Ask Dr. Jake: How Much Meat Is Too Much?

Jake Deutsch, M.D., a veteran ER doctor, answers your health questions in The Daily Details. Send emails to We'll publish the answers here every week.

Image courtesy of Fairchildart


Image courtesy of Fairchildart

Jake Deutsch, M.D., is a veteran ER doctor and a contributor to The Daily Details. Send your health questions to We'll publish the answers here every week.

My nurse rushes into my office and says, "The guy in Room 5 has a piece of beef jerky stuck in his throat and he's choking." I immediately bolt to his bedside, where I learn my patient scarfed down some processed-meat sticks after a workout; now he's in the ER unable to swallow even his own saliva. I assure him that he's not going to die and prep for an emergent endoscopy, a tiny camera and robotic tool to snag the stubbornly lodged piece of jerky.

I remembered this case the other day as I read a study that shows how eating processed meats, like jerky, has far worse health risks than the occasional case of Slim Jim obstruction.

These days, everyone seems obsessed with protein loading. We are so petrified of carbs that we would rather eat an entire hog than touch a plate of pasta. Have we fried our brains like our bacon? Lean protein, particularly from fish and chicken, is a great choice for keeping trim and maintaining muscle mass—not processed meats like sausage, ham, or salami.

One European study tracked nearly half a million people aged 35-65 over 12 years. Researchers found that people who eat processed meats have a small but marked increase in premature death, and you don't have to eat much mystery meat to be at risk. Consuming more than 20 grams a day—that's about two slices of bacon—is enough to inch you one step closer to the grave. However, if your diet is a real sausagefest and you pig out on more than 160 grams of processed meat daily, then your risk of premature death increases by 44 percent.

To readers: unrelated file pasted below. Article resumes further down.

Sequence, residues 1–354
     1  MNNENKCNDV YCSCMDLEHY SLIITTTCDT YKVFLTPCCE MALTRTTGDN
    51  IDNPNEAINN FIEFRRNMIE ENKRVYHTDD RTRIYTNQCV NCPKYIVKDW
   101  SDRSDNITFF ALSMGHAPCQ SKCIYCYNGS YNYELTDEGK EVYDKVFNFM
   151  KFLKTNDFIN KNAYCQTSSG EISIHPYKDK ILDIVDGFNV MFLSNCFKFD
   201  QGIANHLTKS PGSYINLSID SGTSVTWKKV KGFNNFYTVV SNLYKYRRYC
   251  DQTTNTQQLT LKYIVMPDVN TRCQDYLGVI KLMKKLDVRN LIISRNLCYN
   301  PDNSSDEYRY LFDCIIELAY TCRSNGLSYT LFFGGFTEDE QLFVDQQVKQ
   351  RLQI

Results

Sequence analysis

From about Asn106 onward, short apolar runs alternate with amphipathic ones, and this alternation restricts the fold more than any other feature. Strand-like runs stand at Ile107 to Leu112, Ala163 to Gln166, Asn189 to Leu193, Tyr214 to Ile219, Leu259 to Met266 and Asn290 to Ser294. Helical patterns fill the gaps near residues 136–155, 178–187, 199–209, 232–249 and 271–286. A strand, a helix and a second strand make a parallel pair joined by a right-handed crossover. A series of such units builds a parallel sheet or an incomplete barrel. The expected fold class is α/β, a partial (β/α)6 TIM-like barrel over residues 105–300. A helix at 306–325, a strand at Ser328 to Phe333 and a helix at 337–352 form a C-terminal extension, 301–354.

If you're telling yourself you've got nothing to worry about, then consider the mile-high club sandwich from the deli you slammed down the other day. That meal alone pencils you in for a dance with the Boars Head Grim Reaper.

It's no surprise that the same study showed that those who eat canned meat (preserved with salt, smoke, nitrate, and fats) are also more likely to make poor health choices in other areas. Smoking, alcohol consumption, and a diet high in saturated fats go hand in hand with people who crave Spam. Furthermore, hypertension, heart disease, and cancer all reared their ugly heads at a higher rate among meat lovers; cancer jumped nearly 15 percent, and cardiovascular deaths increased by 70 percent.

What about lean red meat, you may wonder. If you load up at Whole Foods instead of the hot-dog cart, should you even care? According to a major U.S. study conducted last year, eating any amount of lean red meat increases the chances of premature death by about 13 percent. In contrast, the latest study on processed meats found that eating a moderate amount of lean red meat (about a pound) a week was actually beneficial, similar to the American Heart Association's recommended small portion (about three ounces) several times a week as part of the heart-healthy diet.

The bottom line: While having a low-carb, high-protein diet might tighten the waistline, it may shorten your lifeline. Before you commit salami suicide, make sure your meat choices are lean and mean.

—Dr. Jake Deutsch is an New York City-based ER doctor. Follow him @DrJakeDeutsch.

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